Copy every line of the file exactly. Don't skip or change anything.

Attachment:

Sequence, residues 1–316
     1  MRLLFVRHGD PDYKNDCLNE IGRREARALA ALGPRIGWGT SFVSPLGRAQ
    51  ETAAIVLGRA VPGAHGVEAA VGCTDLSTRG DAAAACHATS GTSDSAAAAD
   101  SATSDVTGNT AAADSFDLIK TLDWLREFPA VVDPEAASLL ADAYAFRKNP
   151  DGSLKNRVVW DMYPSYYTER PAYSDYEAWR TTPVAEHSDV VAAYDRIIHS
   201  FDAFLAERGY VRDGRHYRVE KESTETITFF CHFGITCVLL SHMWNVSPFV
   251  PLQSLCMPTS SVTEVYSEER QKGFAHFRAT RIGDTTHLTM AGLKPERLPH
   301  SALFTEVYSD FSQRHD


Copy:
Sequence, residues 1–316
     1  MRLLFVRHGD PDYKNDCLNE IGRREARALA ALGPRIGWGT SFVSPLGRAQ
    51  ETAAIVLGRA VPGAHGVEAA VGCTDLSTRG DAAAACHATS GTSDSAAAAD
   101  SATSDVTGNT AAADSFDLIK TLDWLREFPA VVDPEAASLL ADAYAFRKNP
   151  DGSLKNRVVW DMYPSYYTER PAYSDYEAWR TTPVAEHSDV VAAYDRIIHS
   201  FDAFLAERGY VRDGRHYRVE KESTETITFF CHFGITCVLL SHMWNVSPFV
   251  PLQSLCMPTS SVTEVYSEER QKGFAHFRAT RIGDTTHLTM AGLKPERLPH
   301  SALFTEVYSD FSQRHD